“Though thoughtful, morally engaged and deeply committed to his beliefs, he appears to be a product of one of the more unfortunate trends of the age: the atomization of society, the loosening of social bonds, the apparently growing share of young men in their 20s who are living technological existences in the fuzzy land between their childhood institutions and adult family commitments.
If you live a life unshaped by the mediating institutions of civil society, perhaps it makes sense to see the world a certain way: Life is not embedded in a series of gently gradated authoritative structures: family, neighborhood, religious group, state, nation and world. Instead, it’s just the solitary naked individual and the gigantic and menacing state.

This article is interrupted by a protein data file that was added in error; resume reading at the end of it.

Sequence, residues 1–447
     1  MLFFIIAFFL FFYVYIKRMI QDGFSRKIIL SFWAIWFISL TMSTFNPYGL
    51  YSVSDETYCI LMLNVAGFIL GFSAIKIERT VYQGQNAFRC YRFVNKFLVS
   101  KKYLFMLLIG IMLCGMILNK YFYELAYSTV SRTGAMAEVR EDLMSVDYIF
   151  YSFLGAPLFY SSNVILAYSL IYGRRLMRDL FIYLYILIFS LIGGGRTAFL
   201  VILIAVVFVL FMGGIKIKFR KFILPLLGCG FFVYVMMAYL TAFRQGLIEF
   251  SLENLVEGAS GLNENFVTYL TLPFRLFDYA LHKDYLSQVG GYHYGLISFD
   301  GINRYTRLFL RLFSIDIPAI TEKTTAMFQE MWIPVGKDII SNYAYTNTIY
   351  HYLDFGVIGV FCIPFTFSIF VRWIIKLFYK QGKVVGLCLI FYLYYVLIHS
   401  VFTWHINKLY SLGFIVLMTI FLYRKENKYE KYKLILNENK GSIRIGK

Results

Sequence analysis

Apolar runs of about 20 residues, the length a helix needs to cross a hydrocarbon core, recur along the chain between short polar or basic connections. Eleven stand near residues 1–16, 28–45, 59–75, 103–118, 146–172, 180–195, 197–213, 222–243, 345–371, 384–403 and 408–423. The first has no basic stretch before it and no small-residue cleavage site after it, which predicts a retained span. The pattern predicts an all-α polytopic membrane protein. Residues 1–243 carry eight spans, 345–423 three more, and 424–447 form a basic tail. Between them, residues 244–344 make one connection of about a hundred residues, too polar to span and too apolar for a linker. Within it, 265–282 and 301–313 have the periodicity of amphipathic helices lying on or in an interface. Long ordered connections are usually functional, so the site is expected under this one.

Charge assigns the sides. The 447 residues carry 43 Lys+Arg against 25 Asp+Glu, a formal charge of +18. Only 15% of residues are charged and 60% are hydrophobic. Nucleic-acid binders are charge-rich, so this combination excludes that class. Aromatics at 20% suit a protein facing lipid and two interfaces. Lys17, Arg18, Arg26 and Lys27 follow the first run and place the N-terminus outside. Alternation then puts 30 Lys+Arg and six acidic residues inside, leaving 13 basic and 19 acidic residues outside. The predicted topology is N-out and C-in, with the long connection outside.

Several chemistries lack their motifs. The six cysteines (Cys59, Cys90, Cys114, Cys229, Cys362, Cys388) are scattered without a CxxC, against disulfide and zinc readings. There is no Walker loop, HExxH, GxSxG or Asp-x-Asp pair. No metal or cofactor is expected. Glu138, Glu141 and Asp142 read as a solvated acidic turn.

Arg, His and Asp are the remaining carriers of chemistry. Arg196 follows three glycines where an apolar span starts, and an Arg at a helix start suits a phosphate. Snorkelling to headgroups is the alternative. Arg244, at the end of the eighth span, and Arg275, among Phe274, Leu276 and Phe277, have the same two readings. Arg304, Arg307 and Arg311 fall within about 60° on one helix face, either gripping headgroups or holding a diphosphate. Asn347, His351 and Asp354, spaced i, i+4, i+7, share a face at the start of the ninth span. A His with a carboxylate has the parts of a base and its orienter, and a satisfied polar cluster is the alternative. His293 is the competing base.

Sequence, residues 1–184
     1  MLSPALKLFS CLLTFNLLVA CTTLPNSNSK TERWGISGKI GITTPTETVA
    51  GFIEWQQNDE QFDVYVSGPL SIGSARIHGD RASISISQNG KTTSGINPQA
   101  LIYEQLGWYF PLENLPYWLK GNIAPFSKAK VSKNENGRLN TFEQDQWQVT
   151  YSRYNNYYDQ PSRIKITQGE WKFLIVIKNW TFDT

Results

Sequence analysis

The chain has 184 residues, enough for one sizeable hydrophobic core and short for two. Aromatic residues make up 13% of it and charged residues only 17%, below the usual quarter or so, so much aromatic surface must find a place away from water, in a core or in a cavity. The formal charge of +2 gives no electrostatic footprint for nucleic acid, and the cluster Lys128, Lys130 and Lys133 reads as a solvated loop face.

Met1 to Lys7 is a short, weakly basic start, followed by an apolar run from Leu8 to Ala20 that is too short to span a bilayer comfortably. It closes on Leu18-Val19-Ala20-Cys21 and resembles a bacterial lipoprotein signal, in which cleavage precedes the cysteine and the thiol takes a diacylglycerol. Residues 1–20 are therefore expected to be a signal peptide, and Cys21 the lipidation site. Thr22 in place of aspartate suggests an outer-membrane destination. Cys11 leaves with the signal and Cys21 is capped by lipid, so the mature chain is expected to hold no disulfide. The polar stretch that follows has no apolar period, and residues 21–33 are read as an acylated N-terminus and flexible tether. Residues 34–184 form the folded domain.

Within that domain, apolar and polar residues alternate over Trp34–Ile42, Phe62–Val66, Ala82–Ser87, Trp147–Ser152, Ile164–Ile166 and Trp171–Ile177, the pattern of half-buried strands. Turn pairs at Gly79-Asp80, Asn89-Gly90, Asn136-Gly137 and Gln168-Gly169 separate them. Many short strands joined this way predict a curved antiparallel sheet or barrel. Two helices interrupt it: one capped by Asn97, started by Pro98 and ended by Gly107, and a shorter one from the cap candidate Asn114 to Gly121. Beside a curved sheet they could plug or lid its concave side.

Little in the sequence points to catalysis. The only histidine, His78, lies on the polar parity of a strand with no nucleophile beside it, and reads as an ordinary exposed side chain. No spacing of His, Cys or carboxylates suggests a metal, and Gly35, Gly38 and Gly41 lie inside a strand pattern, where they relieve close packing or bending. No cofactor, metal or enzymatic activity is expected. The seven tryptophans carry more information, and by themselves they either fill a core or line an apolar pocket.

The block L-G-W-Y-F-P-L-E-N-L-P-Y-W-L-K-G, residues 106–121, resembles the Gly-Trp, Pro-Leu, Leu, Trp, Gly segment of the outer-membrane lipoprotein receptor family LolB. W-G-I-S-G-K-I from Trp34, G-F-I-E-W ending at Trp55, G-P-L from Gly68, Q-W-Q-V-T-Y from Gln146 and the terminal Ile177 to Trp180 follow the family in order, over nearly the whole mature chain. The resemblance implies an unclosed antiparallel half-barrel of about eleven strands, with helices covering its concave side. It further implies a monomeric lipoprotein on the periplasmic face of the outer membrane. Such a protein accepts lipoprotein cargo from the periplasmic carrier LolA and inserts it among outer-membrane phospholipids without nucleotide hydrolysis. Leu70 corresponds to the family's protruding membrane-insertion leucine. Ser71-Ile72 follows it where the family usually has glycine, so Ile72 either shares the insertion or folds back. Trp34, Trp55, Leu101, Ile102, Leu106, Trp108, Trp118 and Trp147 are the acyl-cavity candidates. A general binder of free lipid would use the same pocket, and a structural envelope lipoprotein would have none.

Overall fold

This lens makes you more likely to share the distinct strands of libertarianism that are blossoming in this fragmenting age: the deep suspicion of authority, the strong belief that hierarchies and organizations are suspect, the fervent devotion to transparency, the assumption that individual preference should be supreme.”
Brooks then concludes, as he has often in the past, “For society to function well, there have to be basic levels of trust and cooperation, a respect for institutions and deference to common procedures.”
This has been true for centuries: civic institutions build trust. And AIGA, as a community of designers, plays just that role in providing both an ecosystem for a profession and an ethosystem, a means of expressing ethical expectations of each other and encouraging participation in the community, under those rules.